Students frequently have very strong criticisms about their teachers and about how their schools could better be run. Ordinarily speaking, criticizing, insulting, and making fun of governmental workers and policies would unequivocally fall under the scope constitutional protections. However, condemnations of teachers and school policies can cross the line between the constructive criticism that is shielded by the First Amendment and the insubordinate and disruptive activities that are not.
Schools can punish students for speech that disrupts the educational process by disrespecting teachers and administrators. Consider, for instance, the case of Dean Poling, a candidate for student council president who delivered a speech that made fun of an assistant principal’s stutter:
“The administration plays tricks with your mind, and they hope you won’t notice. For example, why does Mr. Davidson stutter while he is on the intercom? He doesn’t have a speech impediment.
Poling was disqualified from the election and sued the school district. In Poling v. Murphy (1989), the Sixth Circuit ruled against Poling, finding that school officials had a legitimate pedagogical interest in promoting civility and protecting the assistant principal’s dignity.
Sullivan v. Houston Independent School District (1973) is a similar case. A student was suspended for violating a content-neutral policy forbidding the distribution of newspapers without prior approval. After he and his parents met with the principal, he told the principal to “fuck off.” He was then suspended for the rest of the semester. Upon review, the Fifth Circuit upheld the increased suspension.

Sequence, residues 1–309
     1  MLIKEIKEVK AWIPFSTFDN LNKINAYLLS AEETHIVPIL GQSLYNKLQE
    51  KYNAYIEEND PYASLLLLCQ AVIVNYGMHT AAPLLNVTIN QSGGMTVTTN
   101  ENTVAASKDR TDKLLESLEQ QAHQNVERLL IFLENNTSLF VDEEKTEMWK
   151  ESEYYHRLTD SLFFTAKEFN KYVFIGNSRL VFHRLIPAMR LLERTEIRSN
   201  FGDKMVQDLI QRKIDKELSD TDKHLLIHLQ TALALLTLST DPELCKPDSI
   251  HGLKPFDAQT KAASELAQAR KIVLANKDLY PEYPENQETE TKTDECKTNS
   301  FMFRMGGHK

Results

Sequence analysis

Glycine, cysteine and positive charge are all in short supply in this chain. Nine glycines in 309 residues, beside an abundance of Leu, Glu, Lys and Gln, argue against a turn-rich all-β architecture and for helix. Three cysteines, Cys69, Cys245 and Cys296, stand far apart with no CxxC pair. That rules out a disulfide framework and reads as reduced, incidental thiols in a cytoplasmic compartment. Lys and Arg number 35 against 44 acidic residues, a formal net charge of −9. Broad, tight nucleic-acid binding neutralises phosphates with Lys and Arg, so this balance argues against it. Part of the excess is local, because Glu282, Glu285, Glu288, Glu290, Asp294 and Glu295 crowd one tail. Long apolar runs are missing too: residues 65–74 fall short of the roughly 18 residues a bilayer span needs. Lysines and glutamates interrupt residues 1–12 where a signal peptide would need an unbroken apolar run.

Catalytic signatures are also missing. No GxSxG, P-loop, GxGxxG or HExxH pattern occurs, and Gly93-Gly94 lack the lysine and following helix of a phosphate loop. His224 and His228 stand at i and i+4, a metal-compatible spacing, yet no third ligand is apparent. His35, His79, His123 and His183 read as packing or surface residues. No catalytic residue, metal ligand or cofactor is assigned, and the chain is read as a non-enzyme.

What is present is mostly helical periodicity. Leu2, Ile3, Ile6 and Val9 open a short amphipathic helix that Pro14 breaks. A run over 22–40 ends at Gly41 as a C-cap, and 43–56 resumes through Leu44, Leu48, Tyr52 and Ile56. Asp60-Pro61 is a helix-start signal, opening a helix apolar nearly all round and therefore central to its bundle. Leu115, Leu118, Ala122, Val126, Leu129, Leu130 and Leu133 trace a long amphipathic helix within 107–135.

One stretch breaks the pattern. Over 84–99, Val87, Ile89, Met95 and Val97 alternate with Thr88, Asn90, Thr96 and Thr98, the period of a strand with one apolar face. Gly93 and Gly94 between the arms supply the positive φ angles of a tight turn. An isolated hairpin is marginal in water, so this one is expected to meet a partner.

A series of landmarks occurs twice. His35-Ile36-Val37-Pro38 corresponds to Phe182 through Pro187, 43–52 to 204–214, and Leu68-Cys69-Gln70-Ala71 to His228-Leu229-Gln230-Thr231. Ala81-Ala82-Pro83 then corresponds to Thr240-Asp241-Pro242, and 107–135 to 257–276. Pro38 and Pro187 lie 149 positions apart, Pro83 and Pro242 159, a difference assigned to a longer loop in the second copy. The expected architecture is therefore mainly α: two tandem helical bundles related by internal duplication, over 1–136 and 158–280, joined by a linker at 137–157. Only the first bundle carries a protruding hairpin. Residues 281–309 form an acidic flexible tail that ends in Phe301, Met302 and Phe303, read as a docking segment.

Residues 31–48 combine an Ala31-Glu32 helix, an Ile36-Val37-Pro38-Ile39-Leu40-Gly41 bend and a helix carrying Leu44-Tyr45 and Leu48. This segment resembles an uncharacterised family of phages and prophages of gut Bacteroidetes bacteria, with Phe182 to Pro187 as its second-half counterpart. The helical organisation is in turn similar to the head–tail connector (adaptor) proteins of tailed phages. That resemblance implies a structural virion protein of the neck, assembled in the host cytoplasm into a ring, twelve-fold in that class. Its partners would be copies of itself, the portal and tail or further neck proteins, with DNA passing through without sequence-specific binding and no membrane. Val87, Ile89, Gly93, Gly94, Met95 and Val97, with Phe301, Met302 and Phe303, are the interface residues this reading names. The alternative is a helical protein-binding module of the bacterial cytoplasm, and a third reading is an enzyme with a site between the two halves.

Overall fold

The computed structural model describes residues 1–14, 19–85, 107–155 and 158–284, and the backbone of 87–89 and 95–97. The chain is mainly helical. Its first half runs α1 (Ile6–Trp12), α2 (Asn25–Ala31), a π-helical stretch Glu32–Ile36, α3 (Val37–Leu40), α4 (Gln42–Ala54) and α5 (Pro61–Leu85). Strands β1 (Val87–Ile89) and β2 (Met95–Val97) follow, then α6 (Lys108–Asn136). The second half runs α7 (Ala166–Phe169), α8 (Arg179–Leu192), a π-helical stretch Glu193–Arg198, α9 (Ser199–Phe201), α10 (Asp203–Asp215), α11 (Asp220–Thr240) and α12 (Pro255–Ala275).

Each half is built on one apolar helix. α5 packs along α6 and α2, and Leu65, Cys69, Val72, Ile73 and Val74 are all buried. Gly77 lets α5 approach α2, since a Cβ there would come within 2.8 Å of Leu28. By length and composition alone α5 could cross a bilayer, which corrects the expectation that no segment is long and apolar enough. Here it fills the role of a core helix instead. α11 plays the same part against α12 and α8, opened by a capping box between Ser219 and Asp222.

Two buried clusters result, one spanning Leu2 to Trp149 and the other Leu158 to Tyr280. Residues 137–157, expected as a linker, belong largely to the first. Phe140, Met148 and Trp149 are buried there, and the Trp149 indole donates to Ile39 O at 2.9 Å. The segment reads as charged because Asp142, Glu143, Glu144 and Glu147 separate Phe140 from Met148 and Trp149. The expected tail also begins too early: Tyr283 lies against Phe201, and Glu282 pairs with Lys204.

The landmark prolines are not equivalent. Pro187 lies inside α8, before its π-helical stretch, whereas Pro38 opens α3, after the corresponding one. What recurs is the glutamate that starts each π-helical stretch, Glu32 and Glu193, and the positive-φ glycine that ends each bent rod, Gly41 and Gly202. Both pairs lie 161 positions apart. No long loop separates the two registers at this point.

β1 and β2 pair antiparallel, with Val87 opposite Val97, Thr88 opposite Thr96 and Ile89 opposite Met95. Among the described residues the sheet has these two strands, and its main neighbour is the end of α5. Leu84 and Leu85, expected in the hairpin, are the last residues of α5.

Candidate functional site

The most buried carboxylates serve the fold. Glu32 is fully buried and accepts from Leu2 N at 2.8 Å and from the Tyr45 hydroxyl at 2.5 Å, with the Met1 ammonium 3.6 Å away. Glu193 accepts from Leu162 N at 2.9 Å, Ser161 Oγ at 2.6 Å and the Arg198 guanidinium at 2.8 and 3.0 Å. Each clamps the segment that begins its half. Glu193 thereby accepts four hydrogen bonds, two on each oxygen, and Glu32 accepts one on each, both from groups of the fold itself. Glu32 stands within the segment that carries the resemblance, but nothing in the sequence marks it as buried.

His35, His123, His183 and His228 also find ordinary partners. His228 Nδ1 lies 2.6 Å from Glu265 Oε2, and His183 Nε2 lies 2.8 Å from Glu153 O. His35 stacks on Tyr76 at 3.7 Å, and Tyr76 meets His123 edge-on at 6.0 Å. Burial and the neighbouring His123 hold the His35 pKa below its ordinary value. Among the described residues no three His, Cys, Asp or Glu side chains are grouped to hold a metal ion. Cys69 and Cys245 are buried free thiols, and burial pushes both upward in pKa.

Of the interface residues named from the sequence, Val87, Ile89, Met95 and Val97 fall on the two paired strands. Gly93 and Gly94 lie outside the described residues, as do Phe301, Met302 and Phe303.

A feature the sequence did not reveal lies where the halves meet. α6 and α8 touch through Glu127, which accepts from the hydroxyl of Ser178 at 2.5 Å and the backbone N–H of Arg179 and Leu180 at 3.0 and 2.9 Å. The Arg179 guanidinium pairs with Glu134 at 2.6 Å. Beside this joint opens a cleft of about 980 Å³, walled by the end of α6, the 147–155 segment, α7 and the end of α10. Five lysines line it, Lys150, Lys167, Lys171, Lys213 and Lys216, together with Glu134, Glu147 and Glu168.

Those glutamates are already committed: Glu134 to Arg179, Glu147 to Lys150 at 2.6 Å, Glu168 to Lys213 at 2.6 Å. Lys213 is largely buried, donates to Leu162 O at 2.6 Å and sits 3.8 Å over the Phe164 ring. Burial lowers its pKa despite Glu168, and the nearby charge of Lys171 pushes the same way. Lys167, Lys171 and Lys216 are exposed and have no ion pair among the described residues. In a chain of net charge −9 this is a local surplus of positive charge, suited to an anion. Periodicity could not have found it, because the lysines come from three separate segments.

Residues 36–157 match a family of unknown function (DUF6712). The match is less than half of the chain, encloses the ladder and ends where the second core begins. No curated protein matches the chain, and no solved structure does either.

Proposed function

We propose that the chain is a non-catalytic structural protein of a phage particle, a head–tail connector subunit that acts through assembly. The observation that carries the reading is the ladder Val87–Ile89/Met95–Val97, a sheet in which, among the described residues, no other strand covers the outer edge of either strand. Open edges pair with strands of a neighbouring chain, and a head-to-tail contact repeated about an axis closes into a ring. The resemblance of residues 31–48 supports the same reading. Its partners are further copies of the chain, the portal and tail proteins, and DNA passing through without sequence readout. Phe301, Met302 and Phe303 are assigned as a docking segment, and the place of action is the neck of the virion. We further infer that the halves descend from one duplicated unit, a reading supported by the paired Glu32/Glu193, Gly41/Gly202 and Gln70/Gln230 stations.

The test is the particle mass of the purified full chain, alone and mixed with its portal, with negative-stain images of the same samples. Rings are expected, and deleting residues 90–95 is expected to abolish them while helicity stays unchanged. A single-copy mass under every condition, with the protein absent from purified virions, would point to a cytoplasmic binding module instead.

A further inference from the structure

There are few cases in this area. In her book Lessons on Censorship, Catherine J. Ross articulates the following general rule:
“When insubordination takes the form of vulgarities addressed directly to school authorities, schools always have the discretion to punish the student […] Students must find polite ways to protests instead of descending to vulgarity. No matter how frustrated students are, schools may inculcate civility by insisting that students find acceptable ways of expressing themselves.”
The students in Pinard v. Clatskanie School District (2006) did just that. The students were basketball players who believed their coach was verbally abusive, intimidating, and ineffective. The coach once told them that if they wanted him to quit, they should say so. The students then wrote a petition calling for the coach’s ouster. They were then suspended from the team. The Ninth Circuit ruled that because the petition was not vulgar, lewd, obscene, or offensive, it was protected First Amendment speech on several matters of public concern such as teacher conduct and school extracurricular activities.